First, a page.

Lacking Raises and Contracts, MARTA Workers Protest
By Andria Simmons
MARTA union employees held up signs and shouted chants in the shadow of a Midtown high-rise building Monday to protest stalled negotiations and privatization efforts that could threaten hundreds of jobs.
Contract negotiations between the union and the transit agency have dragged on for 16 months. The last contract expired in June, 2013. Amalgamated Transit Union Local 732 workers targeted the law office of MARTA Chairman Robbie Ashe for a midday rally in hopes of drawing attention to the impasse, said the ATU chapter's president, Curtis Howard.
The contract comes up for renegotiation every three years.
Union workers have not had a raise since 2006. Meanwhile, health care costs and the cost of living have crept upward, said Rufus Silas, a College Park man who has driven a MARTA bus for 17 years.
"They're slashing our benefits, attacking our pension, and now they want to outsource jobs," said Silas, who was among about 100 employees who marched back and forth before the offices of Bondurant Mixson & Elmore at the corner of West Peachtree and 14th streets. "We're sick and tired of being scapegoats."
According to the latest available figures, MARTA has 4,553 full-time employees; 2,859 of them are represented by the union.
MARTA CEO Keith Parker is considering outsourcing some operations as a way to restore the transit agency to a solid financial footing. Those operations include paratransit service, cleaning, payroll and information technology.
The road map for such decisions is a 2012 audit by KPMG, a national consulting group. The audit said MARTA spent $50 million above the national average for employee benefits and could save between $60 million and $142 million over five years by outsourcing many functions.
But union officials question those projected savings. They say MARTA has yet to release the raw numbers used to calculate them. They also point out that a MARTA effort to outsource paratransit services failed in the 1990s due to poor management, and the transit agency had to retake control of paratransit.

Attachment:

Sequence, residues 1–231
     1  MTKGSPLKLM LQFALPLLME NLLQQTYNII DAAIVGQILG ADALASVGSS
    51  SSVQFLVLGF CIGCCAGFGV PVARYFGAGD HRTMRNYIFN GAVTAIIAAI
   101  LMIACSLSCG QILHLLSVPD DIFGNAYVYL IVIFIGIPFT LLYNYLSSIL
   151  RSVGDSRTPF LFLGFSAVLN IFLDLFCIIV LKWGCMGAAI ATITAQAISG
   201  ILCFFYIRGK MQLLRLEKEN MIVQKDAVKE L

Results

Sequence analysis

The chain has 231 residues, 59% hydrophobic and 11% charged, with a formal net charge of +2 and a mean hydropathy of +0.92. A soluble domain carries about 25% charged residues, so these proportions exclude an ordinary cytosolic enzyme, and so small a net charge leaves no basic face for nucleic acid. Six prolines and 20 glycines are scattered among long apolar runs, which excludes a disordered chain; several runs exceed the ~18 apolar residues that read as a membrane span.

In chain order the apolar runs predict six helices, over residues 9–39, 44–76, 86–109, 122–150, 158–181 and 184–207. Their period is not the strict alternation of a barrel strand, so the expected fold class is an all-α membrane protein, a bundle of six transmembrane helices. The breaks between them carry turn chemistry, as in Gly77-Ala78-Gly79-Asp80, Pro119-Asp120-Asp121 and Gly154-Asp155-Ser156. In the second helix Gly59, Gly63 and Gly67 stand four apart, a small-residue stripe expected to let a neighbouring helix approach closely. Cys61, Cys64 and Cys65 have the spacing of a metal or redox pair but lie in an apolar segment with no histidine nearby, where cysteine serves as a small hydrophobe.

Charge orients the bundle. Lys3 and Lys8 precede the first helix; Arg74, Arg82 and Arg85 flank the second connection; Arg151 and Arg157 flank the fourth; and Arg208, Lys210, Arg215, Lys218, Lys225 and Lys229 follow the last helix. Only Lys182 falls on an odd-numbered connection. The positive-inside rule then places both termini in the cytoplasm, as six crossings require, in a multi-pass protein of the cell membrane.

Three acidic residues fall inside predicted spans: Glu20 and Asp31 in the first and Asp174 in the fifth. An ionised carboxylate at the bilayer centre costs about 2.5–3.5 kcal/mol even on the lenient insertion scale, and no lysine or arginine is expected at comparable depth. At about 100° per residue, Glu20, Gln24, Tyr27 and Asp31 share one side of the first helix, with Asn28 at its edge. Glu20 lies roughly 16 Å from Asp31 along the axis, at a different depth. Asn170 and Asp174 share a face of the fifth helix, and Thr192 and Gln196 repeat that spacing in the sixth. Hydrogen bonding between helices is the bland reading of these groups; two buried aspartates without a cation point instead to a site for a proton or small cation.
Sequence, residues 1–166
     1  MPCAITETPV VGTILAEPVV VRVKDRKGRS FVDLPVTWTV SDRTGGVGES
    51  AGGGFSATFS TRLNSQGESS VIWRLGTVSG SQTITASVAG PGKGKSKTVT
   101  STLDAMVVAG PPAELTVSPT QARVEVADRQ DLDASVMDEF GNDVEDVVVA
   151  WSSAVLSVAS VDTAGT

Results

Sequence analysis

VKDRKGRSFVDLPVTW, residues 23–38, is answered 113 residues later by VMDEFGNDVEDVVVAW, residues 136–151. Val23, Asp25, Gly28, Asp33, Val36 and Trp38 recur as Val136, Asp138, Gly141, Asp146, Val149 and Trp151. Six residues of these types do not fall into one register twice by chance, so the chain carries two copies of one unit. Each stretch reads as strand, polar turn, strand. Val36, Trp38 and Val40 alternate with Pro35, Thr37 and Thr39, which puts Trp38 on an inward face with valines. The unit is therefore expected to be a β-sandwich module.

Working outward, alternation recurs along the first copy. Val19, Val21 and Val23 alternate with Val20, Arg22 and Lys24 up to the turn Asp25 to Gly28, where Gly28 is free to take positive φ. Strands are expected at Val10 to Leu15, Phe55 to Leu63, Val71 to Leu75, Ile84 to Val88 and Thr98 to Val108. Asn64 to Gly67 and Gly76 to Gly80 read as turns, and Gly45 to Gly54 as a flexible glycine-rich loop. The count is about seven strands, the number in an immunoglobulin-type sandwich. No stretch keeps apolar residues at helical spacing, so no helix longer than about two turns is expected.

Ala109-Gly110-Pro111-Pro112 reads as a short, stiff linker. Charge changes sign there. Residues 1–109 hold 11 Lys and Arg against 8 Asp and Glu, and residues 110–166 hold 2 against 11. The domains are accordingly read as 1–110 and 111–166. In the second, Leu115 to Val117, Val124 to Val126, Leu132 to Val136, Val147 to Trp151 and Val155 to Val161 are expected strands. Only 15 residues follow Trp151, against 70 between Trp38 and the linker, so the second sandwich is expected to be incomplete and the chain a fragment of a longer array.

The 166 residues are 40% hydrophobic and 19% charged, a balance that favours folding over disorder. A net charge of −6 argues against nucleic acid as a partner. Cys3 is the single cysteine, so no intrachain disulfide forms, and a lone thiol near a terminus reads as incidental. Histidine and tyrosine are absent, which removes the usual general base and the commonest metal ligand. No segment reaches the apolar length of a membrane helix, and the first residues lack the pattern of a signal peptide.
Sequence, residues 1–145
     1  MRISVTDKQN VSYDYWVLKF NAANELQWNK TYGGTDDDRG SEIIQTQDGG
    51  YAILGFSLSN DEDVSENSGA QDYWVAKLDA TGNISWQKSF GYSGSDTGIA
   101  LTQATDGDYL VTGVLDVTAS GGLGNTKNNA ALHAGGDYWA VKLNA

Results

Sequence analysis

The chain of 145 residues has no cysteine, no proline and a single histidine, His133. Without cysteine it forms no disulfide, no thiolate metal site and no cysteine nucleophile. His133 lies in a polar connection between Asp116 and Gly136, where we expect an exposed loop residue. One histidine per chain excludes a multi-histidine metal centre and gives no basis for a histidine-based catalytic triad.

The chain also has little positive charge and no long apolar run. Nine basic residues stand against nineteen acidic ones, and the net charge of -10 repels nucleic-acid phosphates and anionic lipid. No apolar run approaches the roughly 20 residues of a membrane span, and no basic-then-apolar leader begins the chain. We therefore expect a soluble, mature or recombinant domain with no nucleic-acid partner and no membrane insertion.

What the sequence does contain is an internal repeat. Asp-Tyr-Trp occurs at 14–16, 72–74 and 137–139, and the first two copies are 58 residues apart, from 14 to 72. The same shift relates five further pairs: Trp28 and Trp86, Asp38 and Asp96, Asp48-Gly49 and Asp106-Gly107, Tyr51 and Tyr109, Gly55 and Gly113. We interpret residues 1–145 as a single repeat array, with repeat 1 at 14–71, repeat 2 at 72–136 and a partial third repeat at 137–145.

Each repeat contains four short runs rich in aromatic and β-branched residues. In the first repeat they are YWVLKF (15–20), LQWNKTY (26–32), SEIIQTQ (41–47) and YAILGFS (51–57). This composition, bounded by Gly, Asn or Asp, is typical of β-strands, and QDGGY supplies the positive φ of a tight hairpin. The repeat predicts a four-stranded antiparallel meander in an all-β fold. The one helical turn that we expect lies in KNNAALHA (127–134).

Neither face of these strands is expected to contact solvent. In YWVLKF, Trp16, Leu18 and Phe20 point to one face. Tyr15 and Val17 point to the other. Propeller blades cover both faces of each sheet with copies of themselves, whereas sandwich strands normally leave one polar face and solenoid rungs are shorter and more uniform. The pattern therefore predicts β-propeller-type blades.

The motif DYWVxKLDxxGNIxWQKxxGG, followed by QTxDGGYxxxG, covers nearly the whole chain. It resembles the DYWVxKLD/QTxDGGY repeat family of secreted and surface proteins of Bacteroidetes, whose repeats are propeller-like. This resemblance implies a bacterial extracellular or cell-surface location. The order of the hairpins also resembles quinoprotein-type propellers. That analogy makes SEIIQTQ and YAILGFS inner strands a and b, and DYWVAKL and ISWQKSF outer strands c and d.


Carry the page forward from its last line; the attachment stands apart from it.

The paratransit outsourcing alone could cost 300 jobs, said Jim Callaghan, who represents the ATU national office in Washington.
MARTA Board members were scheduled to vote last week on issuing a request for bids for paratransit service. However, the board tabled the discussion until November at the behest of union members.
Callaghan on Monday accused MARTA of deliberately stalling the negotiations in order to force the contract dispute into court.
A new law passed this year eliminated the old arbitration process, which union members felt was more favorable to them. Now, if the two sides declare a stalemate, a Superior Court judge in Fulton or DeKalb will resolve collective bargaining issues on a 90-day deadline.
A MARTA spokesman, Lyle Harris, said in an emailed statement that the union leadership has repeatedly missed or cancelled negotiation sessions since April, when MARTA put its last contract proposal on the table. Harris also said that, while union employees didn't get a raise when the last contract was signed in 2010, they did get a $5 million lump sum payment. The payment was distributed by ATU to its members based on seniority.
"MARTA's management has attempted to bargain in good faith since the very beginning of this process and will continue to do so," said Harris.
The next meeting between representatives of the union and MARTA is scheduled for Wednesday.
(c)2014 The Atlanta Journal-Constitution (Atlanta, Ga.)